Jersey City's The Merchant Has Shuttered, Reopening in December as Park & Sixth 3.0

Expect more ambitious comfort foods like these Stuffing Pancakes when Brian Dowling reopens The Merchant as Park & Sixth.
Expect more ambitious comfort foods like these Stuffing Pancakes when Brian Dowling reopens The Merchant as Park & Sixth.
All photos by Adam Robb

In downtown Jersey City, expiring leases and expansion plans have lately made an impact along Grove Street's original restaurant row south of Newark Avenue. Hard Grove Cafe is currently relocating to a storefront on Newark Avenue's pedestrian plaza; the former Bar Majestic is now home to Razza, one of New Jersey's top-ranked pizzerias; and its neighbor, The Merchant, shuttered on Saturday night after 12 years of service. That last space is scheduled to reopen in early December as the third home of chef and restaurateur Brian Dowling's original Park & Sixth (364 Grove Street, Jersey City; 201-918-6072), the first version of which opened in 2009 at its titular Hoboken cross-street.

"Dave, the owner, moved to Australia, and his sister Ann-Marie was looking after the place. They were ready," Dowling says of the amicable transaction. "I didn't want any animosity, I don't want to lose their customers. It'll be a nice transition."

That transition means mostly aesthetic changes to the space at 279 Grove Street, where renovations began yesterday. Once he gets approval from the state for acquisition of The Merchant's liquor license (expected anytime between mid-November and mid-December), Dowling will close the 364 Grove restaurant and focus on furnishing the new two-story address with pieces of his growing collection of classic American advertising, vintage telephones, and subway signs. When the doors open, even bigger changes will be under way.

Park & Sixth owner Brian Dowling, upon opening of his first Jersey City Park & Sixth location
Park & Sixth owner Brian Dowling, upon opening of his first Jersey City Park & Sixth location

Park & Sixth 3.0 will be open seven days week, and while the new space will, in time, continue to churn out classic burgers like the half-pound Beast, and sandwich specials like the Cuban Havana and meatloaf Bat Out of Hell, for takeout and delivery, a larger kitchen means a more ambitious menu.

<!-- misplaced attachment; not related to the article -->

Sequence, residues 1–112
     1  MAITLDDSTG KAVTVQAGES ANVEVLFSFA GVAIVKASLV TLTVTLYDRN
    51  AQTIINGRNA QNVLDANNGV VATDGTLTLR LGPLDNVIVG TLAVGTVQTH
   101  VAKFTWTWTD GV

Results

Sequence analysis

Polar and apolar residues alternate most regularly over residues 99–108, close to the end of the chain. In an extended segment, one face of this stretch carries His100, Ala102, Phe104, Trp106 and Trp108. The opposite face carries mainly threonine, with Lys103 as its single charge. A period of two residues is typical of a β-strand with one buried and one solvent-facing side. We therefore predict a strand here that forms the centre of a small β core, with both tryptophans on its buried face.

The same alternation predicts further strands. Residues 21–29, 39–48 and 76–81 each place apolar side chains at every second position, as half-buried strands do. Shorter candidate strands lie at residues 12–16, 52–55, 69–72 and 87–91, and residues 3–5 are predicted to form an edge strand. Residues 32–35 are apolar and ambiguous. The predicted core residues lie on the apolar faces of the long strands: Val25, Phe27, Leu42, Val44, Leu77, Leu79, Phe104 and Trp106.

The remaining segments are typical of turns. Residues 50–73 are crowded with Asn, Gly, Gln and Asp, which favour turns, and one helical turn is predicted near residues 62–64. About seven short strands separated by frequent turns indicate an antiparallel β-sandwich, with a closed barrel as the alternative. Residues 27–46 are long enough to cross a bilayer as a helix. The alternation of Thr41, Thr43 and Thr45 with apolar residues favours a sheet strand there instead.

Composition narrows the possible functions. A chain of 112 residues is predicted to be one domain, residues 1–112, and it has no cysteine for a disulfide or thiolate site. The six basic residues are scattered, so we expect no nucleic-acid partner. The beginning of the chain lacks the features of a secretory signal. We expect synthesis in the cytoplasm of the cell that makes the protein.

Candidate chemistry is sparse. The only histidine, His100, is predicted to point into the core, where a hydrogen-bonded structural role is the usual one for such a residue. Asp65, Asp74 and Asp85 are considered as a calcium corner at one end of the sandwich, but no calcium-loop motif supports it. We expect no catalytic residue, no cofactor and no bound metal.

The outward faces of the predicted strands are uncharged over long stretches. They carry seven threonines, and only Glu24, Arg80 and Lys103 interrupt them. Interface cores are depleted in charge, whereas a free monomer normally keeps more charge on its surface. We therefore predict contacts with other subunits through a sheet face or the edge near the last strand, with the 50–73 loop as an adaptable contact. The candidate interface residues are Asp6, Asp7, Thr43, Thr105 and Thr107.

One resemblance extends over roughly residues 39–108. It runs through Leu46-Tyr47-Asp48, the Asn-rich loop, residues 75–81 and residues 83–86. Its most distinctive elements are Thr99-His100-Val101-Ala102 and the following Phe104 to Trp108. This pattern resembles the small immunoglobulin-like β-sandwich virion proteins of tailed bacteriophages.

"Once I got the liquor license, then I wanted to explore," Dowling says of his restaurant's continuing evolution. "I'm not a restaurant chef -- I never owned one, never worked in one before, and I wanted to see what I can do." That means a mix of classic dishes that made him, like his fresh mozzarella, and Philly cheesesteak rolls, but also new entrees like a double-cut pork chop, dry-aged NY strip, and a cioppino with locally sourced fish. To whittle down the forthcoming menu, he has plans to test new dishes as specials at the Park & Sixth Gastropub (247 Washington Street, Jersey City; 201-630-4184) over the next several weeks.

While the larger venue also means the possibility of entertainment, like the jazz brunch and bluegrass nights the gastropub currently hosts, it'll still be all about the food.

Pieces from Dowling's collection of classic Americana set to decorate the walls of the former Merchant space.
Pieces from Dowling's collection of classic Americana set to decorate the walls of the former Merchant space.

"We're a restaurant first," says Dowling. "I don't want to be known as a bar, but I have a restaurant that has a bar. I don't want a crazy late-night crowd, with DJs and pulling the tables, deterring people by becoming a loud scene at night. We'll be open till midnight and a little later on weekends, but no 3 a.m. craziness. Nothing good happens at 3 a.m."

He also addressed another pressing neighborhood concern, the recent petition circulated by the owner of Two Boots pizzeria, Aaron Morrill, seeking to eject food trucks and other stalls selling prepared foods at the farmers' market that operates outside the Grove Street PATH Station.

"I signed the petition but I think I was misrepresented," Dowling says. "I support the downtown association, Groove on Grove, I pay every year for the vending booths -- the farmers' market's great. I just don't like that somebody can come in with a truck, in front of a restaurant that takes the risk. We pay the rent, the taxes -- somebody who buys a permit can come in from Bayonne and park their truck, and that was my problem. And I made that perfectly clear."

Ultimately, however, Dowling's satisfied with the state of his competition downtown.

"I've been here so long now," Dowling says of the downtown dining scene. "I've heard 'The renaissance is coming, coming, coming,' and now it's here. The weak will perish and the strong will survive."




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